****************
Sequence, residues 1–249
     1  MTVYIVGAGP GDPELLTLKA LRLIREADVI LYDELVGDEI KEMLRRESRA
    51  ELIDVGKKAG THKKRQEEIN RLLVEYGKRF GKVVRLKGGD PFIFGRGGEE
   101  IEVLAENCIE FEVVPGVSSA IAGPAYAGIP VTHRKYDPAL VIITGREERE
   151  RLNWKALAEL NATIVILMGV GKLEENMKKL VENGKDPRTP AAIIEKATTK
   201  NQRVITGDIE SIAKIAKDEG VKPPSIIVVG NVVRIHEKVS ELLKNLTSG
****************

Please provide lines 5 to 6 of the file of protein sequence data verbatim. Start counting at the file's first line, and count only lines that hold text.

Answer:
   151  RLNWKALAEL NATIVILMGV GKLEENMKKL VENGKDPRTP AAIIEKATTK
   201  NQRVITGDIE SIAKIAKDEG VKPPSIIVVG NVVRIHEKVS ELLKNLTSG